When You’re Being Bullied at Work: Contrary to popular belief, bullying isn’t one of those things you can put behind you when you become an adult, like awkward yearbook photos and even braces. Offices can have bullies, too. In fact, they’re more common than you might think.
Bullying takes on many different forms at work, not just yelling or hurling insults, but also talking behind someone’s back, sabotaging their work or spreading negative rumors.
These are extremely difficult situations, and they can be even more challenging for “nice girls” who so value getting along with their coworkers and are often very likely to take a bully’s actions personally.
Note that sexual harassment or abuse in the workplace, which is a related but different issue. If you’re being mistreated in that way, seek legal counsel.
If you have experienced workplace bullying, you may be asking yourself “why me?” And you are not alone: workplace bullying impacts 60.3 million Americans every year.
Below are some common reasons why people become “targets” of workplace bullies.
You are Highly Skilled
You may be bullied at work because you receive a lot of positive attention for your work. Maybe you are intelligent, determined, creative, and regularly contribute new and innovative ideas.
Also, maybe you go the extra mile and gain recognition for your hard work. Maybe you even move through projects quickly while others are struggling. All these things attract the attention of workplace bullies.
Workplace bullies target those that have talent because they either feel inferior or they worry that their work is being overshadowed by the other employee’s work and abilities.
You Are a ‘Nice Guy’
Bullies want to be in control and to call all the shots. So, you may be targeted by bullies because you are a team player. If you would describe yourself as caring, social and collaborative, this may be the reason that you are being bullied.
To a workplace bully, these characteristics drain the power they have at work. Team building is the antithesis of what a bully wants.
You also may be targeted for being ethical and honest. For instance, whistleblowers who expose fraudulent practices are frequently bullied by others at work to keep quiet.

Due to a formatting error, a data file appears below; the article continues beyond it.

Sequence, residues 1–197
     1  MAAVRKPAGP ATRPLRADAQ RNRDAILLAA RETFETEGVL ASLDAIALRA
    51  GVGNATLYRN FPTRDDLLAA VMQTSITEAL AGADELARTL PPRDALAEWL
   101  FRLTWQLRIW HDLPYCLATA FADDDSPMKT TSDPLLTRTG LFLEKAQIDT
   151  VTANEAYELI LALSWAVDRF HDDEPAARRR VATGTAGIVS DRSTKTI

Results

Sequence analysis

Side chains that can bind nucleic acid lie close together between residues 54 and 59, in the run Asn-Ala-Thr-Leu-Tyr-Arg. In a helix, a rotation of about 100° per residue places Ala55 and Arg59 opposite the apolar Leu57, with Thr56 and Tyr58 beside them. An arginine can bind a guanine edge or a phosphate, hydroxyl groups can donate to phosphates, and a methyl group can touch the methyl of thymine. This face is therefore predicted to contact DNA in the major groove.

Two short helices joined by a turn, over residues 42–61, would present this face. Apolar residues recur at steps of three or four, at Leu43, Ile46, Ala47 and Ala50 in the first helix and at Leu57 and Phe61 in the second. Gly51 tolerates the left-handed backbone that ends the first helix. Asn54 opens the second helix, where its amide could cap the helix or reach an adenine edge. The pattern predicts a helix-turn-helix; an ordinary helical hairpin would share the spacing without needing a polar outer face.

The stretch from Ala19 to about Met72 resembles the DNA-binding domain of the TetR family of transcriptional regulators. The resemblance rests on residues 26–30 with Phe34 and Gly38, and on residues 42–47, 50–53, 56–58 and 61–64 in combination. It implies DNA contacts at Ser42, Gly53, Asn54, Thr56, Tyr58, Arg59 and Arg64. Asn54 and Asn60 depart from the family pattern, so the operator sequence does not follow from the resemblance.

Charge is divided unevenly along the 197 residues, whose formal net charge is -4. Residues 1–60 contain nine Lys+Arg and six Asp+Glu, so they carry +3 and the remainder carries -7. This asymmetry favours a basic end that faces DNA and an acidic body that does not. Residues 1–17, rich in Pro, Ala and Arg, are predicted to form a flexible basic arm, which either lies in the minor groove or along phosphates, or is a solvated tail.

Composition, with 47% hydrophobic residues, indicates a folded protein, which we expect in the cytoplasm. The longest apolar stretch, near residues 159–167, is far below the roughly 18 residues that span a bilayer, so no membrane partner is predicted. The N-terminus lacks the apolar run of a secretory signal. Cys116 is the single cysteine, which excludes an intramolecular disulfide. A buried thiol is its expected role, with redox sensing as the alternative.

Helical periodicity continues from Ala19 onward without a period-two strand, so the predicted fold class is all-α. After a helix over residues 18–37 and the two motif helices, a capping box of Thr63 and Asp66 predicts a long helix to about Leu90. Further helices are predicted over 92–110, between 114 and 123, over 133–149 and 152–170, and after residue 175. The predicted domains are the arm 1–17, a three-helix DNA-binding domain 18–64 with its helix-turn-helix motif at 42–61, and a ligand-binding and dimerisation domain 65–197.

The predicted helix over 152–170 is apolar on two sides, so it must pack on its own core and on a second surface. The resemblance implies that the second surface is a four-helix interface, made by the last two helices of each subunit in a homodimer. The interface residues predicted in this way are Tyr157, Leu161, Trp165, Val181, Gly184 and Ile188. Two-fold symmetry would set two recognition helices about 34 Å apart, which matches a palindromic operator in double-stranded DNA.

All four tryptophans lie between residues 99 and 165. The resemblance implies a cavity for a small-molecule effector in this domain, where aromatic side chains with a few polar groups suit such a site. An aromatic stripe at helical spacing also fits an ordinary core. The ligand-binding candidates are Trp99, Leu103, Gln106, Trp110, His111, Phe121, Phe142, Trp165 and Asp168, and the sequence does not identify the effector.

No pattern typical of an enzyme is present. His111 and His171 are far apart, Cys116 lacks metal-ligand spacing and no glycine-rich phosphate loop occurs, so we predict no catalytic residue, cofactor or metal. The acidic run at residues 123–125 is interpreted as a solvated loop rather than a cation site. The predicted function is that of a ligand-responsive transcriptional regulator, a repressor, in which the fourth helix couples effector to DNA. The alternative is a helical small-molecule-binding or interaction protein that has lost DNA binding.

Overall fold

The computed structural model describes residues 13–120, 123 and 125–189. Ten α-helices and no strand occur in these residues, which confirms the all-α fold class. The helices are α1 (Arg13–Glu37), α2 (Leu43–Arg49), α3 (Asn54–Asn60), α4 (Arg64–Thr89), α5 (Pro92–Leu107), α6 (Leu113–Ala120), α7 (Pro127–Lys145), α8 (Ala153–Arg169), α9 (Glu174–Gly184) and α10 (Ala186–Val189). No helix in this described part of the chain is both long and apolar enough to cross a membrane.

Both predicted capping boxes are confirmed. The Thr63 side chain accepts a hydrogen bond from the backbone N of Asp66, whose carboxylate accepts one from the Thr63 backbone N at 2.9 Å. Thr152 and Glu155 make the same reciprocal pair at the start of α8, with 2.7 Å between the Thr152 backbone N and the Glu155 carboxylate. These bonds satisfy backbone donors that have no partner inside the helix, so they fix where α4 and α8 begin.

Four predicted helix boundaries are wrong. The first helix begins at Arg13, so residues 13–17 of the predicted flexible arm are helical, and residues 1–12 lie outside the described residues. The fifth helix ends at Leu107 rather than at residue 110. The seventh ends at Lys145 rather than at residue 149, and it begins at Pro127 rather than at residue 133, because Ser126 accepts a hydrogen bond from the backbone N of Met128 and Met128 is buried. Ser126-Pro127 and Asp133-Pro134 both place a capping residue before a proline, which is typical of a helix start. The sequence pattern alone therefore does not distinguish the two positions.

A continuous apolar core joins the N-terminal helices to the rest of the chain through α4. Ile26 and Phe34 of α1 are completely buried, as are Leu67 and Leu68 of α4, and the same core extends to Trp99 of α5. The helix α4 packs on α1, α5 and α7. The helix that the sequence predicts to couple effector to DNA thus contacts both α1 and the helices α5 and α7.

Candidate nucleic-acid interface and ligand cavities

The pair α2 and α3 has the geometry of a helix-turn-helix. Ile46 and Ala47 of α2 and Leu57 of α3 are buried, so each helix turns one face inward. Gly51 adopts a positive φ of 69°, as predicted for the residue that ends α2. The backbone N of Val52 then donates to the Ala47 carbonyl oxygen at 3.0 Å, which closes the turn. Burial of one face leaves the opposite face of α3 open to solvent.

If you are introverted, anxious, or submissive, these traits could also lead to you being bullied at work.
You Have Unconventional Physical Features
Unfortunately, adults often bully others for the same reasons kids target others in elementary school. Whether you are short or tall, heavy or thin, have a large chest or no chest at all, workplace bullies will find a way to exploit your appearance.
In fact, almost any type of physical characteristic that is different or unique can attract the attention of bullies. This includes wearing glasses, having a large nose, having ears that protrude, and even having adult acne.
How to Respond to Being Bullied at Work
Inform your Superiors
If you are not comfortable speaking to the individual who is bullying you directly, then you might need to discuss it with your manager or human resources.
Choose the course of action that feels best for you for your situation.
When addressing your concern with others, don’t play the blame game. Come up with a plan of how you are going to address the bullying concern and be sure to include its impact on productivity, well-being, and morale coupled with some possible solutions.
Keep a Diary
This is known as a contemporaneous record. It will be very useful if you decide to take action at a later stage. Try to talk calmly to the person who’s bullying you and tell them that you find their behaviour unacceptable.
Often, bullies retreat from people who stand up to them. If necessary, have a colleague with you when you do this.
Just Move On
The unfortunate truth is that there are a lot of bullies who are deeply entrenched in a workplace environment and aren’t going anywhere.
Sometimes it’s even your boss who is the bully. If you’ve gone to HR and the situation has not improved or you sense that the bully is well protected and has a lot of political power within the company, it may be best to start looking for another job.
Ultimately, you have to weigh the pros and cons for yourself based on how much exposure you have to this person and how much it is affecting you and your work.
If you do leave your job for this reason, I recommend being candid during your exit interview with Human Resources.
Tell them, “One reason I was open to other opportunities is that this wasn’t an entirely healthy work environment.” Hopefully, the company will not want to lose any more talent and will finally take care of this problem. And you will go on to bigger and better things.
If and only if you feel confident and physically secure, have a one-on-one talk with the bully. Be positive and do your best to be polite.
Calmly explain that it’s not OK to treat you this way. It’s possible the person is unaware that what he or she is doing is upsetting you and will apologize and back off.
You’ll need some backbone here. But it’s not in your job description to accept rude behavior or irrational work demands.